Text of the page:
Animal manure can be a valuable resource when used in combination with other sustainable practices such as crop rotation, cover cropping, and green manuring. It adds important plant nutrients like nitrogen, potassium, and phosphorus to the soil while improving its quality. Proper timing of manure application is crucial to maximise its benefits for plants and soil, making it an effective means of enhancing soil and crop quality.

Employ compost

Incorporating compost properly is a long-term method for building soil fertility in organic production systems. Compost increases organic matter, enhances water holding capacity, improves soil structure and stability, suppresses soil-borne diseases, and enhances the presence of beneficial microorganisms. Over time, compost also improves nutrient availability in the soil, contributing to overall soil fertility.

Choose biological foliar fertilisers and soil conditioners 

Reducing chemical inputs doesn’t mean using zero inputs. Our sister company, Zylem, supplies  biological soil conditioners and foliar feeds that support sustainable agriculture and promote soil health and plant growth.

You may also be interested in: Is synthetic intervention part of regenerative agriculture?

Ready to reduce those inputs?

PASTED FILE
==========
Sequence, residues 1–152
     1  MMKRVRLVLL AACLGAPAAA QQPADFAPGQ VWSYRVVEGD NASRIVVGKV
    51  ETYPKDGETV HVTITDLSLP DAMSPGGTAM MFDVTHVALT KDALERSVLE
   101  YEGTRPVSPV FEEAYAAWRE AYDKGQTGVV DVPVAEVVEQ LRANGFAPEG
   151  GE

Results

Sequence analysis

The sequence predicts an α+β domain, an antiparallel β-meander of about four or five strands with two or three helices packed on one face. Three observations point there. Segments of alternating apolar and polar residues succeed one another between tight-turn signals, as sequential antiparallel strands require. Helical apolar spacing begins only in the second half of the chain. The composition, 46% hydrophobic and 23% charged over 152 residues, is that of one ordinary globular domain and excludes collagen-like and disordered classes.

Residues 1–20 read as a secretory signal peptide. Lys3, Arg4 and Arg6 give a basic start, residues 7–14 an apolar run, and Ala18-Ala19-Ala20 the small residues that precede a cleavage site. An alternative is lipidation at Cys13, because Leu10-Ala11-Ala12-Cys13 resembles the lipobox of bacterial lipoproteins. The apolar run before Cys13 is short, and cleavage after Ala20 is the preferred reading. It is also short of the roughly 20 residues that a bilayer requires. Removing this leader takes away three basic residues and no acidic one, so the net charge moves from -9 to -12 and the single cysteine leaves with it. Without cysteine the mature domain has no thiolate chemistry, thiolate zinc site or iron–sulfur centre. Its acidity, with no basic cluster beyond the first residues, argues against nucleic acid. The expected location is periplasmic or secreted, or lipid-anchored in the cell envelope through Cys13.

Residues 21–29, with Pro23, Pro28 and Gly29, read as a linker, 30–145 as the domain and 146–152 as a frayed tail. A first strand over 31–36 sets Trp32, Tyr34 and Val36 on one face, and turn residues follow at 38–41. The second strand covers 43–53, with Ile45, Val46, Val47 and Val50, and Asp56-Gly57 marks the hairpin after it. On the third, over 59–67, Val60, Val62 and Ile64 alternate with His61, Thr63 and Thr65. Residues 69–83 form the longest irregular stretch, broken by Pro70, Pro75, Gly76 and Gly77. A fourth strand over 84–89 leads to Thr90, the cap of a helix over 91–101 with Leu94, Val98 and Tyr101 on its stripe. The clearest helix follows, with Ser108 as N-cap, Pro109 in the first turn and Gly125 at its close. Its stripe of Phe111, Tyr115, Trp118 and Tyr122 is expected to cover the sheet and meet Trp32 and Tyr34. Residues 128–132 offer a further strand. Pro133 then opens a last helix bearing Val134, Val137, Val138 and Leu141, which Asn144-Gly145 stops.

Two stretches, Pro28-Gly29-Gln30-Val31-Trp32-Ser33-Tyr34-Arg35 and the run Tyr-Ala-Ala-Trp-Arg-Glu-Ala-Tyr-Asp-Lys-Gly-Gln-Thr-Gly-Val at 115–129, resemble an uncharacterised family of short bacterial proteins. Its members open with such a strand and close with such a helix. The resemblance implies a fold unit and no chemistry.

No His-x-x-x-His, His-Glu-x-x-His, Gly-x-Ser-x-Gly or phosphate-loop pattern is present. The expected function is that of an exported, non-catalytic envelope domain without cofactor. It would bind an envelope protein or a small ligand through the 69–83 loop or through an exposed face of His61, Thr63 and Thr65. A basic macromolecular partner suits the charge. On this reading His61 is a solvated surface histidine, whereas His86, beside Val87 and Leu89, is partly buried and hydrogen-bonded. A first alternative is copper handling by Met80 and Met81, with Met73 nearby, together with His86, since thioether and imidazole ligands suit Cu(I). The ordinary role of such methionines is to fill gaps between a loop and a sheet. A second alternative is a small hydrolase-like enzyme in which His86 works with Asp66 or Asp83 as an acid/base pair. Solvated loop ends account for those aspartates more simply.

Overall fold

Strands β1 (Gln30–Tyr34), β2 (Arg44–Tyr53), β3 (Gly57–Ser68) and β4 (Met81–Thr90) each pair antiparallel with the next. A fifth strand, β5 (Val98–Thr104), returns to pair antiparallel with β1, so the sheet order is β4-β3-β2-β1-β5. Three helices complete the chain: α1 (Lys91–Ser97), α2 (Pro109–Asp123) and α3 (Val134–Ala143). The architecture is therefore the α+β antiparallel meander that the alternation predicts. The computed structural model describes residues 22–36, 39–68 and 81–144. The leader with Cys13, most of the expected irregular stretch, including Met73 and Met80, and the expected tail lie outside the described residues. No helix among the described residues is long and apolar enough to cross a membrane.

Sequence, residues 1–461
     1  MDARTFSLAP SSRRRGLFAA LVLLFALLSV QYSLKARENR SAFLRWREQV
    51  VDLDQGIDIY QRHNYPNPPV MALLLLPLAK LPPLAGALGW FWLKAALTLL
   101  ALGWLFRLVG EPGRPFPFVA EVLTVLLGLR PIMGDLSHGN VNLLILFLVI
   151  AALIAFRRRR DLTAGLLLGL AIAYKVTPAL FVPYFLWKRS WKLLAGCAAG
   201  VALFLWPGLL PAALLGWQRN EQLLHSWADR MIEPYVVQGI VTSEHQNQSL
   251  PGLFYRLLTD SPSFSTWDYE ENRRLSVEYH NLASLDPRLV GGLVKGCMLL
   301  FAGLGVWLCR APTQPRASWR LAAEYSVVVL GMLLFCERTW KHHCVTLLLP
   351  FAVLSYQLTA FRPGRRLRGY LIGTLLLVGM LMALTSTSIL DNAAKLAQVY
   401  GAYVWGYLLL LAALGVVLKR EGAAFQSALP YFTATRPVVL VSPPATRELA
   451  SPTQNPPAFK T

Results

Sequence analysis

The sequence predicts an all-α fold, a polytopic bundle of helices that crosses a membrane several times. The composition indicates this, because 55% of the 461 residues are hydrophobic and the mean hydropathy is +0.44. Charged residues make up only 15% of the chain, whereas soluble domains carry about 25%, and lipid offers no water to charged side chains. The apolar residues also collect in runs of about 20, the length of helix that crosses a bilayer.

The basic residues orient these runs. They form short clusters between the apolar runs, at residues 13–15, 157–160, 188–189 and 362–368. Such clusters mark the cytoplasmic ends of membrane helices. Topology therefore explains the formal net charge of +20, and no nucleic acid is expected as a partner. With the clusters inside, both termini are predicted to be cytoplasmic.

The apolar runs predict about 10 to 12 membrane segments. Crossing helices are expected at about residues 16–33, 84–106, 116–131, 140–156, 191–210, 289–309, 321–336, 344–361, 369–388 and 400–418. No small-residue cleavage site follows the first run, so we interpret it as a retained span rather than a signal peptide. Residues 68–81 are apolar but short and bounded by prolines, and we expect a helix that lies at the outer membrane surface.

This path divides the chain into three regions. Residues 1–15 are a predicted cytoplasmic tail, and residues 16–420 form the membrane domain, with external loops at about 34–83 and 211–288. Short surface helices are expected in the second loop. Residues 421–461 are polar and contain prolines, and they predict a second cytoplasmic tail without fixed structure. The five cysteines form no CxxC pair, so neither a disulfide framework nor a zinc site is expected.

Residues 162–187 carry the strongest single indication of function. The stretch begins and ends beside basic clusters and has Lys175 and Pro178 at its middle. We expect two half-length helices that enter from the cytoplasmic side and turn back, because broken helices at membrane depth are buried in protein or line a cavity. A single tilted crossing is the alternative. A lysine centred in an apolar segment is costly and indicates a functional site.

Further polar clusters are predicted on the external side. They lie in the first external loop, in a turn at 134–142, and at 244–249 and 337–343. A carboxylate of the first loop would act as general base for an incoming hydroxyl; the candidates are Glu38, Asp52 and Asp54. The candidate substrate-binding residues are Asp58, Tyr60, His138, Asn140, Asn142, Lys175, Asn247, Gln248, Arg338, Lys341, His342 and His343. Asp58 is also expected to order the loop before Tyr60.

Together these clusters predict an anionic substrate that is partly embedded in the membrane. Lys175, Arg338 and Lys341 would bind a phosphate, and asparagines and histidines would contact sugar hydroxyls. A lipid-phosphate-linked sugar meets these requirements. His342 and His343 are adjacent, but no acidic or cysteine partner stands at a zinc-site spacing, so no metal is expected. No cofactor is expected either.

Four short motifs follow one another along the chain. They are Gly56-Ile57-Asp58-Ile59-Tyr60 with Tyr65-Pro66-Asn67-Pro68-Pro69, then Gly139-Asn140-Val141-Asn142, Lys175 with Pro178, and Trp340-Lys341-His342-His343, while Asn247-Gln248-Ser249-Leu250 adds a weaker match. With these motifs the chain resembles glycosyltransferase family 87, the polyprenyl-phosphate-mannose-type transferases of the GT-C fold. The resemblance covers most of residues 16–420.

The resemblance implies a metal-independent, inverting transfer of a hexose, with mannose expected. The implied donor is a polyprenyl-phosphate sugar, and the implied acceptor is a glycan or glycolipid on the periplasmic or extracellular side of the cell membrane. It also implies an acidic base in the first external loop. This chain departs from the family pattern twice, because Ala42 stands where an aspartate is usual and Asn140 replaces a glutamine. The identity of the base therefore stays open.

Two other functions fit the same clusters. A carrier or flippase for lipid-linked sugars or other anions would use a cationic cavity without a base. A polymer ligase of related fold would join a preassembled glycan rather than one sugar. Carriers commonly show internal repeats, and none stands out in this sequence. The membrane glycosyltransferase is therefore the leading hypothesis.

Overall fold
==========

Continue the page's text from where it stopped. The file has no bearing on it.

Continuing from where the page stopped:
Reducing chemical fertiliser inputs on farms is not only possible but also essential for sustainable agriculture. By implementing climate-friendly practices, farmers can increase yields, protect ecosystems, buffer against economic shocks, and contribute to global food security. The shift towards sustainable farming methods requires a holistic approach that incorporates regenerative farming techniques. With these strategies, we can reduce our dependency on chemical fertilisers and cultivate a more resilient and environmentally friendly agricultural system, and farmers can increase self-reliance, promote sustainability, and meet the growing consumer demand for nutritious, affordable foods.



justin platt photo- RegenZ

About the Author: Justin Platt

Justin is the Founder & CEO of Zylem and RegenZ. Justin has a BSc in Plant Pathology and Botany from UKZN. He has been involved in the agricultural services industry since graduating in 1979. Justin has a passion for regenerative agriculture.